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This is not least because, aside from the risks, Olympic slopestyle is a three-minute long quest for technical perfection, where elite skiers are separated from each other by the minutiae of detail, ranging from how they landed on the snow to how well a jump is timed. In the minutes before setting off, skiers sit trying to visualize how they might engineer an error-free run.

“At this point in time, the talent pool is so amazing that the only way of separating rider A from rider B is whether it was absolutely perfect or not,” Woods says. “Any imperfection means your run is just a write-off. You get a black mark by your name and that’s over and done. And that’s tough to deal with. So you have to weigh up whether you tone down the difficulty of your routine to eliminate mistakes, but at the same time if you don’t attempt the most difficult tricks, you may not stay in the competition.”

More of a gambler by nature, Woods prefers to take a ‘no tomorrow’ approach to racing, aiming to get the edge over his rivals in terms of difficulty, adapting his biggest and most intricate tricks from big air to slopestyle. “That’s the essence of what we do,” he explains. ”The progression’s so fast that the most extreme tricks from the year before that you’ll see only in the highest level big air competitions, this year they’ll be staples in slopestyle. It means you’re continuously forced to improve.”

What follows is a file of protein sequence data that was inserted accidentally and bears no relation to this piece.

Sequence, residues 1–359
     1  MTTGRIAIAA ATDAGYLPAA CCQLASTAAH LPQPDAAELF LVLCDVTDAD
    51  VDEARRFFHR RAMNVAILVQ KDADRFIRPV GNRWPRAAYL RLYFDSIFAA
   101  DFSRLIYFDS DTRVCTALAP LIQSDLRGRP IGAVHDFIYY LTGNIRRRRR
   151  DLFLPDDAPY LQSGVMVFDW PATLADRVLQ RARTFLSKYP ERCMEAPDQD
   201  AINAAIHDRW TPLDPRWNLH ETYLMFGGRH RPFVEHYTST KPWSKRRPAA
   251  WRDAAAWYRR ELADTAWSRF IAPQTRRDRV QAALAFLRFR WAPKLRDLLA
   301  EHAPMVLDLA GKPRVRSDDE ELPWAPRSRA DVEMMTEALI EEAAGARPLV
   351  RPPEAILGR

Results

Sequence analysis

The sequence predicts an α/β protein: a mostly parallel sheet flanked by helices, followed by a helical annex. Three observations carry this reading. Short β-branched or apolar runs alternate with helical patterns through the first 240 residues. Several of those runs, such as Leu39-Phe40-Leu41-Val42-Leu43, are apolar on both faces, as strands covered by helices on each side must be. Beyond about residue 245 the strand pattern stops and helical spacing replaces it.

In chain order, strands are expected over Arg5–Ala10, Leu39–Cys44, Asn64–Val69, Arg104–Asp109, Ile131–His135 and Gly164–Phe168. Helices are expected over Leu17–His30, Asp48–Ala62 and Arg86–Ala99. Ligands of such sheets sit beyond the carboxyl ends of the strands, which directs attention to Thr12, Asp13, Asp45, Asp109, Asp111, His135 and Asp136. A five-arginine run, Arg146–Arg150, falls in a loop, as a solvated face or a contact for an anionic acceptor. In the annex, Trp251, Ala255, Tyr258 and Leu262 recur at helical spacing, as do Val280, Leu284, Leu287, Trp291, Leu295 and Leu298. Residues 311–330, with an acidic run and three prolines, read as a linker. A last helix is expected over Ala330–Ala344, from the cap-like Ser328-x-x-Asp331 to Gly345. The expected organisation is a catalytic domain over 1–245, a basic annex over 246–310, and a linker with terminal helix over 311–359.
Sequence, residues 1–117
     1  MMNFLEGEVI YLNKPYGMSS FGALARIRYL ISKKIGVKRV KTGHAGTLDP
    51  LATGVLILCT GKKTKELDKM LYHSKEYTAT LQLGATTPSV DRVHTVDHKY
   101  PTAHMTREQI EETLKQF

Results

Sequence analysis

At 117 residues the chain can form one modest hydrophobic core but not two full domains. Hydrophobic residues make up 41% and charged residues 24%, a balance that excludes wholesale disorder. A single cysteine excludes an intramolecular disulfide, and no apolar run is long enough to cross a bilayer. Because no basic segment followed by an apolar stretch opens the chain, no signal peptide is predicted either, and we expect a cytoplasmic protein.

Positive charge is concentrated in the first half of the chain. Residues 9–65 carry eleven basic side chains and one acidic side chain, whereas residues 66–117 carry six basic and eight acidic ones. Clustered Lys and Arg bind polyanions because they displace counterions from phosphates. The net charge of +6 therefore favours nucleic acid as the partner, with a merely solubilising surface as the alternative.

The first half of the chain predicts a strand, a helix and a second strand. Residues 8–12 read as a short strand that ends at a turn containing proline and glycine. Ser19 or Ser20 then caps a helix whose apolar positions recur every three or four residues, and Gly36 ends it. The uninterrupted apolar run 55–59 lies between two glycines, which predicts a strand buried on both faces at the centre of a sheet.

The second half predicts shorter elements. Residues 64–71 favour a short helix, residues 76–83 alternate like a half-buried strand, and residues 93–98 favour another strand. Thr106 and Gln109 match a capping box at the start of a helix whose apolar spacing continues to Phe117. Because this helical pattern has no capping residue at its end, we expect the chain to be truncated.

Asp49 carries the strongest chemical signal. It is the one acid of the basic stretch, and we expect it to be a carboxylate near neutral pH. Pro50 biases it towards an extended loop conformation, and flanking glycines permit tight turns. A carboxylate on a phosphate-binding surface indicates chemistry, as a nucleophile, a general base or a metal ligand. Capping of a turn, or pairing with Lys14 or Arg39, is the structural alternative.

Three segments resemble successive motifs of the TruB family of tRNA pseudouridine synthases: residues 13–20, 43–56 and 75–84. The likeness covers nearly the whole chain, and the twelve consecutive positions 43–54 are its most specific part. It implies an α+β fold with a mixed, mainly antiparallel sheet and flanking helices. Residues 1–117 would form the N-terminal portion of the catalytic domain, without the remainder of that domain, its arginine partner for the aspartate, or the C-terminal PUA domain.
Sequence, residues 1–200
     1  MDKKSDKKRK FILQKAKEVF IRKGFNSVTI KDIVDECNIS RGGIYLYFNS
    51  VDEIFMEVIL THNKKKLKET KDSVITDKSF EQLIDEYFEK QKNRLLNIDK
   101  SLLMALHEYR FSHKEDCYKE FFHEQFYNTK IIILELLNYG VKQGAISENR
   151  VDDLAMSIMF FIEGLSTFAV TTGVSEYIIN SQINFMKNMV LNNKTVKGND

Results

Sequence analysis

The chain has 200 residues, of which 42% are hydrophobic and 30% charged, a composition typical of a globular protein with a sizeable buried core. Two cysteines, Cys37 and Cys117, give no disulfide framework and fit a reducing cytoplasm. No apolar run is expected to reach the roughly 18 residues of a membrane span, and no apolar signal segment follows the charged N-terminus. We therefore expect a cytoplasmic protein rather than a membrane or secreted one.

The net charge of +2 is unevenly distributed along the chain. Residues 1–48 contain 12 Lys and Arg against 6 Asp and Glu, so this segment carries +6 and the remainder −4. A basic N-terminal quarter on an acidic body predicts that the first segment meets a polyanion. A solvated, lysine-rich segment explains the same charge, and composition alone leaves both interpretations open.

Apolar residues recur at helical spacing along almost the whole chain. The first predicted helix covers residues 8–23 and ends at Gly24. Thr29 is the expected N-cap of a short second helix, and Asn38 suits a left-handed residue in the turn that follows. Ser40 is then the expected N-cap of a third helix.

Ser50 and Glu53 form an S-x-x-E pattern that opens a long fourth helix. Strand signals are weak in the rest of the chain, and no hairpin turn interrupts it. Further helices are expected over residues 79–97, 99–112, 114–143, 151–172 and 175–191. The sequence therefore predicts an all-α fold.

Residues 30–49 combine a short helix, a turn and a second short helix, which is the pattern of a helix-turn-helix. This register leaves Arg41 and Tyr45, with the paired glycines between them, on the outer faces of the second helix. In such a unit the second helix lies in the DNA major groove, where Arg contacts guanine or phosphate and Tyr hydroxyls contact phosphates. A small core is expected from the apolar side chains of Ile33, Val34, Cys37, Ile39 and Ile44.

At his very best, Woods is capable of putting together a run which few other skiers can match. But after the events of Sochi, he’s well aware that even with the best preparation, he could still be at the mercy of the elements in PyeongChang.

“There’s so much external stuff that comes into your performance, and that makes it an art, not a sport in my opinion,” he explains. “It’s not like other sports which are more about pure human power to get you across the finish line first. In slopestyle, you have to have the weather on your side, the course has to suit you, the judges have to like what you’re doing, it goes on. I’m on top of my game, and there’s no reason I can’t win the Olympics. But I don’t have anything to prove to anyone, it’d be great to win another competition, but that’s always the case. It’d be great to win the lottery too.”

Words: David Cox